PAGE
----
When the library has nothing for me, I browse the bookstores. Of course, I can never get out of a bookstore empty handed. The books have piled up, and now I’m not sure why I bought them – but someday I may read them.
Have you read any? Do you recommend I cut my losses and donate them,
or buckle down and read them?
Station Eleven by Emily St. John Mandel
The Narrow Road in the Deep North by Richard Flanagan
The Appearance of Annie Van Sinderen by Katherine Howe
After visiting Oxford University’s Bodleian Library and the Ashmolean Museum, I had a new appreciation for Deborah Harkness’ All Saints Trilogy, beginning with “A Discovery of Witches.” Harkness based her fictional stories on real characters and a real book. In an interview she noted:
“Elias Ashmole was a seventeenth-century English antiquarian and scholar. He gave major bequests to Oxford University, including the collection of books and objects that provided the foundation for the Ashmolean Museum (which is still in operation today). Ashmole’s books and manuscripts were first kept at the museum and then moved to the university’s Bodleian Library in the nineteenth century. The Ashmole manuscripts include numerous rare alchemical texts. One of the manuscripts, Ashmole 782, is currently missing. As a scholar, I’ve done a lot of research in the Ashmole alchemical manuscripts and always wondered what Ashmole 782 might contain.”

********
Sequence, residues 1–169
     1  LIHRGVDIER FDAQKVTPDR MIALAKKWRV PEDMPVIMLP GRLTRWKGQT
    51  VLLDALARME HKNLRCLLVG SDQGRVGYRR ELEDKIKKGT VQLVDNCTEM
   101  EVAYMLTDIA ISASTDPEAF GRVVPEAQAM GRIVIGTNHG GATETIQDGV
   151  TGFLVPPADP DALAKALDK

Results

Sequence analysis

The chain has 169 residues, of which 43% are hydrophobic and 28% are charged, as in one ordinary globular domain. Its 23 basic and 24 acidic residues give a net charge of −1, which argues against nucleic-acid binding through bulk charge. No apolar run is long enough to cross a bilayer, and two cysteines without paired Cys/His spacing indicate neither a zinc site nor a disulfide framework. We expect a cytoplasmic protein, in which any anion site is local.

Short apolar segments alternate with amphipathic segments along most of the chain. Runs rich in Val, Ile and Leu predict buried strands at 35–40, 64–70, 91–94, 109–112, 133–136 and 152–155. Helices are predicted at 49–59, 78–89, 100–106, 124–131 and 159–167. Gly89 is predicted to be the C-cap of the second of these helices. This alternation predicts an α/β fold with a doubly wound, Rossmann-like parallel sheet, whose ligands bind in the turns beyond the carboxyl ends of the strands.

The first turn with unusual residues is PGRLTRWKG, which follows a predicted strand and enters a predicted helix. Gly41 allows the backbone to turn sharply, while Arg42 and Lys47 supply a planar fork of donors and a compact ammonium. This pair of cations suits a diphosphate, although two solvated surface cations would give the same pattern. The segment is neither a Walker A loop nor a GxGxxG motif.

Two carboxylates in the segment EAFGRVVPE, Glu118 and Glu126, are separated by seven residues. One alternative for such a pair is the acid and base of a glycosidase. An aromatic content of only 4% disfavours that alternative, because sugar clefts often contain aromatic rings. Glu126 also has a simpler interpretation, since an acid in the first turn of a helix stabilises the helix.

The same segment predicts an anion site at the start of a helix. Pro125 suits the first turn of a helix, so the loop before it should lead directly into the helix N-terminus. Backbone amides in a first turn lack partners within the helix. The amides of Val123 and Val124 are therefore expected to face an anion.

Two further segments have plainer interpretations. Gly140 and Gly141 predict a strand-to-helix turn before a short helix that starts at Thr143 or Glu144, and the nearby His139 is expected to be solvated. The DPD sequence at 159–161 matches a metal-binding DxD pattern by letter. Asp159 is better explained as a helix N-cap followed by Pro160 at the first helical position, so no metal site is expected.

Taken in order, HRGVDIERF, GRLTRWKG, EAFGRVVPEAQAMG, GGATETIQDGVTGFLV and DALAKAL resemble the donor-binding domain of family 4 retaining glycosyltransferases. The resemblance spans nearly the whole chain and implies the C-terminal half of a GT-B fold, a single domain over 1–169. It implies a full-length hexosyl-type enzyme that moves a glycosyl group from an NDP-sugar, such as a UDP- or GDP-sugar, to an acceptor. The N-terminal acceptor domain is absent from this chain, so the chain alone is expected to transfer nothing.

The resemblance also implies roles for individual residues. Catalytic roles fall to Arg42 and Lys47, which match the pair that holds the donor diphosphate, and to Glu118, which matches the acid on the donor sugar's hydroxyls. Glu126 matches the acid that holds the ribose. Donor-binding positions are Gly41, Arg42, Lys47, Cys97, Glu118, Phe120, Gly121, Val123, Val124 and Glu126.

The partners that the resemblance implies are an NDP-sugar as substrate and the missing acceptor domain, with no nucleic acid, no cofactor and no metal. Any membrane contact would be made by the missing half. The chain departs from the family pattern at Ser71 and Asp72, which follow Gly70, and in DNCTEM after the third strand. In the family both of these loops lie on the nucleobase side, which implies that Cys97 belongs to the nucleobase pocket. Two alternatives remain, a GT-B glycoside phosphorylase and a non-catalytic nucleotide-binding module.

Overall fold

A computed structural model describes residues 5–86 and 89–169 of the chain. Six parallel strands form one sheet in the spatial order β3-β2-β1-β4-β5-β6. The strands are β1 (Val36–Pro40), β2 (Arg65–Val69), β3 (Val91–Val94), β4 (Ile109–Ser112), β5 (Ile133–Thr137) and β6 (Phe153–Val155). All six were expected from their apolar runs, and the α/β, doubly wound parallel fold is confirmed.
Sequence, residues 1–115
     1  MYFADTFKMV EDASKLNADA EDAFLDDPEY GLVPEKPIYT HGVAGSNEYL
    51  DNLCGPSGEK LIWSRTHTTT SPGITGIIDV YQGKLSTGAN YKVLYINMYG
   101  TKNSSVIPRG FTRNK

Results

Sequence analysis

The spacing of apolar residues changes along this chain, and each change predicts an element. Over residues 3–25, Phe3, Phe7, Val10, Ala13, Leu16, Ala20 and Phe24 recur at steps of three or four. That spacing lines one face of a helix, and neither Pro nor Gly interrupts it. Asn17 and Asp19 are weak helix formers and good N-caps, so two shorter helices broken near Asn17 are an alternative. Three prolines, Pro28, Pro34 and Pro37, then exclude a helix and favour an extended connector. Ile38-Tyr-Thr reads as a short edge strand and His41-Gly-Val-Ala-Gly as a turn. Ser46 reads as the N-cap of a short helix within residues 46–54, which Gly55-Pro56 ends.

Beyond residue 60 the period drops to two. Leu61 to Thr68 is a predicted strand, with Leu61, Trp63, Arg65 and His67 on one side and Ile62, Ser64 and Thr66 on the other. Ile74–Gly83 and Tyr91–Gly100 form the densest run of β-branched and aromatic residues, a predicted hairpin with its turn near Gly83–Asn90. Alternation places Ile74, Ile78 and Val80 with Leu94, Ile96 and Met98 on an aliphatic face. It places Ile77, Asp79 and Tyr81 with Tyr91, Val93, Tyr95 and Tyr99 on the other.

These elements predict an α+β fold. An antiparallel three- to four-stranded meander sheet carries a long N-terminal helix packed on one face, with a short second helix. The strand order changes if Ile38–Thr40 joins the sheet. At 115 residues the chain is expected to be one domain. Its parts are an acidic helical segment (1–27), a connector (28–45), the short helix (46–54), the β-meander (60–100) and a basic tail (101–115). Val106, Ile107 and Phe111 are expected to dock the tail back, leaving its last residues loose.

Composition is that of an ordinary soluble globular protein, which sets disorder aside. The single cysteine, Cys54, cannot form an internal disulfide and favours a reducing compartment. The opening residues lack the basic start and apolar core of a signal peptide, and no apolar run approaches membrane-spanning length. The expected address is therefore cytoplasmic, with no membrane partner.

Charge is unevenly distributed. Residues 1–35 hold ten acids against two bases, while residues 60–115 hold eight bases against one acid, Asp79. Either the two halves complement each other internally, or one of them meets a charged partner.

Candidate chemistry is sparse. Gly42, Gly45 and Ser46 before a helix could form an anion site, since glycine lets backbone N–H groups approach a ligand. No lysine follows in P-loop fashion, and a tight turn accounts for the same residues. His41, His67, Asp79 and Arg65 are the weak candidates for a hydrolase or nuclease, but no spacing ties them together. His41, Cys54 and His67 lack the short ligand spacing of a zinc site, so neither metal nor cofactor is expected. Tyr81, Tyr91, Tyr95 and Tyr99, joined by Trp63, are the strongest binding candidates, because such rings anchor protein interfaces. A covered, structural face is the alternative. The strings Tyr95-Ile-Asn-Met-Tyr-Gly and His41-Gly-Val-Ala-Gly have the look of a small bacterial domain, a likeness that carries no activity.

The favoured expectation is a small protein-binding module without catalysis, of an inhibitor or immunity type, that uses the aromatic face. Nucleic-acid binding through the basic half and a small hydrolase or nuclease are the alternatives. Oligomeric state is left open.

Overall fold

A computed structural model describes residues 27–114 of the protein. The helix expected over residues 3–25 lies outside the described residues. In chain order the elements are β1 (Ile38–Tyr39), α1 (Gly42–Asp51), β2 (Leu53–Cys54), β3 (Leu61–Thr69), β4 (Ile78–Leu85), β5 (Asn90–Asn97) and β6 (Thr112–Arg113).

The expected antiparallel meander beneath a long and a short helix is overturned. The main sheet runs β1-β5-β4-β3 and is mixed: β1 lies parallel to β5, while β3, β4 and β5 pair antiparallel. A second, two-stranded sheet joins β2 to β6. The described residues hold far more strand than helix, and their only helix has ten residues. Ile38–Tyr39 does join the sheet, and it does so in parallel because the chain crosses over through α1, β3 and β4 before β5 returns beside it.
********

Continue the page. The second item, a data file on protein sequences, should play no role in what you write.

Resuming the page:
In the Ashmolean Museum bookstore I found a copy of “Alchemy and Mysticism: The Hermetic Museum” by Alexander Roob – the closest I could get to the missing book. A heavy tome,full of wood cuttings and illustrations connecting medieval mysticism with alchemy. Images include hieroglyphs and early scientific illustrations in the fields of medicine, and chemistry. Too heavy for my suitcase, I left it to be rediscovered by another. Review of “A Discovery of Witches”